According to Crouch End Labour on its Twitter feed, the consultation period for the planning application for the restoration and refurbishment of Hornsey Town Hall has been extended to Tuesday 26 September 2017. Good news. – https://twitter.com/crouchendlabour/status/896012352180682752 –
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Crouch End Ward Councillors, Jason Arthur, Natan Doron and Sarah Elliott, have published an open letter to FEC on the recently-submitted planning application. You can read it here: https://crouchendlabour.wordpress.com/2017/08/09/open-letter-to-fec/
The planning application for the regeneration of Hornsey Town Hall, the residential development to its rear, and the Broadway Annexe has been published. There are very many documents which can all be accessed here by going to:
In the Simple Search box, enter the following application numbers. Then click on the application number in the left hand column to open the list of documents – you’ll need to scroll down.
The deadline for comments is Tuesday 5 September 2017.
HGY/2017/2220 (the main Hornsey Town Hall submission)
HGY/2017/2222 (Listed Building Consent)
HGY/2017/2223 (Broadway Annexe)
Alternatively, these links should work:
HTHCT will be submitting formal comments in due course.
Hornsey Town Hall Creative Trust (HTHCT) trustees went to the Development Management Forum at the Earl Haig Hall on Monday evening, 10 July. There were clearly many concerns from local residents about the scale and density of the residential development which will no doubt be debated and, hopefully, addressed in the coming weeks.
However, what we felt was missing from the meeting was an explanation of where we find ourselves in terms of the repair, restoration and refurbishment of Hornsey Town Hall.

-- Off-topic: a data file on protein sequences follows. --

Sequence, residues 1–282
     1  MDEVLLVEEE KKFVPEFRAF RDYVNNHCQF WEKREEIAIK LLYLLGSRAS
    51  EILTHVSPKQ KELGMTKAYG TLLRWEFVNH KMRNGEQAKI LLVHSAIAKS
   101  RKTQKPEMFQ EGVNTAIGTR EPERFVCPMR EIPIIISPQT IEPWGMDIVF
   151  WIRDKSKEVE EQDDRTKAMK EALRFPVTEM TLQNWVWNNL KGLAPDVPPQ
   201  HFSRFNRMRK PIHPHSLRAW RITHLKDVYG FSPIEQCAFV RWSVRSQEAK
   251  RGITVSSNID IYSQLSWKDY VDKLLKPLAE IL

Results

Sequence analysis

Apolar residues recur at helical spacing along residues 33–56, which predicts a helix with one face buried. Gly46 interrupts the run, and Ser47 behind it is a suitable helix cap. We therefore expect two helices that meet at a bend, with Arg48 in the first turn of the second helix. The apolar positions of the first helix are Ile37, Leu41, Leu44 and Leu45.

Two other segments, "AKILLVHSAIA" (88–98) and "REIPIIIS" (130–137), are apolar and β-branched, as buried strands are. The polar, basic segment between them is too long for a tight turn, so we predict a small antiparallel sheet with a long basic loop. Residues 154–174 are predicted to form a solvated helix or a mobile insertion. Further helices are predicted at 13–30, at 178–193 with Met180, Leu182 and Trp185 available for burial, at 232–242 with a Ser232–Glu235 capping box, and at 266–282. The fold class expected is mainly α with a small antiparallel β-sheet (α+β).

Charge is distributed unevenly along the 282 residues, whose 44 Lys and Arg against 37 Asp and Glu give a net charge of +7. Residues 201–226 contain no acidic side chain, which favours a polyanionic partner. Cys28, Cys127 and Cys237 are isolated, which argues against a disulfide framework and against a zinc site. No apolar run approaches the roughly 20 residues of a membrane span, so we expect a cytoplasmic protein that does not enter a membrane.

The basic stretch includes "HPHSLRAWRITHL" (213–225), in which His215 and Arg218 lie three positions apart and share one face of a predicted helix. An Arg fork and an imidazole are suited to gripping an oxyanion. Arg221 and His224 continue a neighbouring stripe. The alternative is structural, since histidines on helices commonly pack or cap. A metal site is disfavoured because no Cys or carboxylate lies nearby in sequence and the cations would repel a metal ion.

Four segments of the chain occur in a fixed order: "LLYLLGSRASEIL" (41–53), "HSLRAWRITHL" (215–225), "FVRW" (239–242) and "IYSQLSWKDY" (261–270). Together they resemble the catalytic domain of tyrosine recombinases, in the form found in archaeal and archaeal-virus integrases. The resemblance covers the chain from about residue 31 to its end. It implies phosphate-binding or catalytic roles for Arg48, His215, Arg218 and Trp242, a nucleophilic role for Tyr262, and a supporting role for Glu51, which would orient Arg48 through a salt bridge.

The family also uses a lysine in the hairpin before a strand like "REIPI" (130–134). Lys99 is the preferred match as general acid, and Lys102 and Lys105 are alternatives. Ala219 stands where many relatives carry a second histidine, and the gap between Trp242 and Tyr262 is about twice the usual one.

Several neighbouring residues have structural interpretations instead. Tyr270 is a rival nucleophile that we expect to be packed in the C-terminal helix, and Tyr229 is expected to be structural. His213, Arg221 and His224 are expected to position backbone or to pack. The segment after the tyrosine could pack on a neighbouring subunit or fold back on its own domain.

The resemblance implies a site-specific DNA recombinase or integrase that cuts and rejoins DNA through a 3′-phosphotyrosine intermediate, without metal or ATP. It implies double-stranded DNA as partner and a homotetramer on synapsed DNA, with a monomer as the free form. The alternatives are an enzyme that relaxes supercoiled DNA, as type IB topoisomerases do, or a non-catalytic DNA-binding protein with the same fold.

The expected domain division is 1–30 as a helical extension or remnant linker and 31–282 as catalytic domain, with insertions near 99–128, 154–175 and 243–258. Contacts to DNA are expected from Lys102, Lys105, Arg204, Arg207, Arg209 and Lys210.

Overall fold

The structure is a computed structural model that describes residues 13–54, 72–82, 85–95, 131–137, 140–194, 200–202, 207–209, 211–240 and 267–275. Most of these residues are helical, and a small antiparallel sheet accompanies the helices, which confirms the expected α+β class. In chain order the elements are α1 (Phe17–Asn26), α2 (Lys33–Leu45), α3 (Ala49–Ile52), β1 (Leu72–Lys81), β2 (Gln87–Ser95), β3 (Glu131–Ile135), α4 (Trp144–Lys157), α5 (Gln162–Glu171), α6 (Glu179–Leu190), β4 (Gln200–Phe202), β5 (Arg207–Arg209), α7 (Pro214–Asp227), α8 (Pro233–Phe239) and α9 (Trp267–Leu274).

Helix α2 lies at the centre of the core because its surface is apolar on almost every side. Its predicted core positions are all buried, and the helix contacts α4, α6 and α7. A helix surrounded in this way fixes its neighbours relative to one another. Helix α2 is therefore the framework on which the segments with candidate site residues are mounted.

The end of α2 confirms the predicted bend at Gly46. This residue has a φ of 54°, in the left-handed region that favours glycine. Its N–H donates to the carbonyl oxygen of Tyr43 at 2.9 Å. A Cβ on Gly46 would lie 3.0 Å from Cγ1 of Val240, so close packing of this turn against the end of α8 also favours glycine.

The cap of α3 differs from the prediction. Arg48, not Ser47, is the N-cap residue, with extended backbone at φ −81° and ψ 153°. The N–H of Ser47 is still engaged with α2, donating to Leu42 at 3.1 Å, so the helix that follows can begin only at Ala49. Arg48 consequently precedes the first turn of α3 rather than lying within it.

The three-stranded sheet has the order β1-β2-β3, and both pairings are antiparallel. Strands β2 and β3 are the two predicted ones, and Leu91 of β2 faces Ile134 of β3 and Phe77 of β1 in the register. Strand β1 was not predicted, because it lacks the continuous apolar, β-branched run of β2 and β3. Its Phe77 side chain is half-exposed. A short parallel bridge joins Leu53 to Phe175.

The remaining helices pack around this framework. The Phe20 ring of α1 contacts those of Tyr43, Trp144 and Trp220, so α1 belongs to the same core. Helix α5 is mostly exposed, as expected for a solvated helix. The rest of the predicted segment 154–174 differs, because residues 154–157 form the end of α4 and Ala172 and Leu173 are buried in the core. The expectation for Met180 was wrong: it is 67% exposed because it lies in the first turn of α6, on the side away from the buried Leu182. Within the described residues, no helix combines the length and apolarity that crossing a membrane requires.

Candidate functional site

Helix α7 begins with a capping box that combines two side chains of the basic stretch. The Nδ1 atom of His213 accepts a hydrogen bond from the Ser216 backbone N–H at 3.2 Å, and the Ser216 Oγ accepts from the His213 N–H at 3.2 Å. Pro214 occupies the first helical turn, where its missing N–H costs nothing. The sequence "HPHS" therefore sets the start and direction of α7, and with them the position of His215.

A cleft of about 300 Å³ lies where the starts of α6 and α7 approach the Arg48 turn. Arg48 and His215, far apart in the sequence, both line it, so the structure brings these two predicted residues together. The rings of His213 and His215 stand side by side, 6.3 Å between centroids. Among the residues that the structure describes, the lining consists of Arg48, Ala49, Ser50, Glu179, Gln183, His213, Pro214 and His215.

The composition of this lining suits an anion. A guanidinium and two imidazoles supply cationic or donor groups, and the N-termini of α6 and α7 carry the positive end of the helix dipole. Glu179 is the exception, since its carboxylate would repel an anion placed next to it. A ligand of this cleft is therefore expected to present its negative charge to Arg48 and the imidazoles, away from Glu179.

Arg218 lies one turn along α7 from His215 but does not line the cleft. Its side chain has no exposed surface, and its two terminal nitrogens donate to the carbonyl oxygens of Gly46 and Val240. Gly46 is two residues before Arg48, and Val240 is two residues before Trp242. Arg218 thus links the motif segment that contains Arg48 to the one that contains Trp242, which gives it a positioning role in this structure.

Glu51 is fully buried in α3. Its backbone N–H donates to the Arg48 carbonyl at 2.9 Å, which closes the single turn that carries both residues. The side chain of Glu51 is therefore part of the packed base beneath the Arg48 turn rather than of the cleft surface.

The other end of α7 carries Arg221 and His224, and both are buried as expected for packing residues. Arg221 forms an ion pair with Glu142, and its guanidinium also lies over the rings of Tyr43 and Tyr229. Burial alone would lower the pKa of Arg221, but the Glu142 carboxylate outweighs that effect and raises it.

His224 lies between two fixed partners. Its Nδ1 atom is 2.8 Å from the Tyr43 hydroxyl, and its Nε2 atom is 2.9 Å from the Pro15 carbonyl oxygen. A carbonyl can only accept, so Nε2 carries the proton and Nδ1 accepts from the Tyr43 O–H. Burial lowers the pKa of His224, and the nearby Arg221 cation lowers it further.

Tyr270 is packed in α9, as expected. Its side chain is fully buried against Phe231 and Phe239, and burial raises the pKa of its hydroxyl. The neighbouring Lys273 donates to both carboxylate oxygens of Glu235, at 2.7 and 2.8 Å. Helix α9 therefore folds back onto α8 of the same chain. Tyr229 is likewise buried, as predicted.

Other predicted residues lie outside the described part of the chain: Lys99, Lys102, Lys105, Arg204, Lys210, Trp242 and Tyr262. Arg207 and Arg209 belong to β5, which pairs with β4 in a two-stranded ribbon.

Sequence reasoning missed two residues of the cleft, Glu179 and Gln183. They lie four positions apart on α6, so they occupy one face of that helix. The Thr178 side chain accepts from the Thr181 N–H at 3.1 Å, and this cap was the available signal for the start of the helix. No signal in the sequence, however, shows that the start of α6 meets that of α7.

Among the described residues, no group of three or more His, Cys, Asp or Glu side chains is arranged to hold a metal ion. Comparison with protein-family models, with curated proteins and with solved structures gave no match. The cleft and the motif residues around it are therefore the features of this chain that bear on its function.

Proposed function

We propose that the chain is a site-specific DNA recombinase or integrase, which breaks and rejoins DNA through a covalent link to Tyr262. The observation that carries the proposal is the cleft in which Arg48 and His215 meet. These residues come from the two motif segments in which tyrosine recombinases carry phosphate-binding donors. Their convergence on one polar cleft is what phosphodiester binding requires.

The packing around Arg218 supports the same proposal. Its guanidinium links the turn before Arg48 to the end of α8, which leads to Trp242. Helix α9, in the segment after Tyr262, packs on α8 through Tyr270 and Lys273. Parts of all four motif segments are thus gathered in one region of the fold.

Haringey Council has been looking for a long-term solution for Hornsey Town Hall for almost two decades. The Grade II* listed building has been on Historic England’s Heritage At Risk register for 17 years now; it was first listed as At Risk in 2000. The condition of Hornsey Town Hall is described as “poor” and subject to “slow decay”.
It is estimated that it will cost at least £10 million to repair Hornsey Town Hall just to a standard that gets it off the At Risk register. That’s money that Haringey Council simply doesn’t have, even more so in the light of the present cuts to local government.
As we heard on Monday, there’s water ingress in the Assembly Hall, there is no proper disabled access to the building, the brick work is cracking, there’s asbestos in its structure, and the beautiful Council Chamber needs to be restored to its full, former glory. And there’s a host of other problems with the building. Beyond that, it needs further investment to turn the historic parts of the building into an arts centre with, crucially, a sustainable future.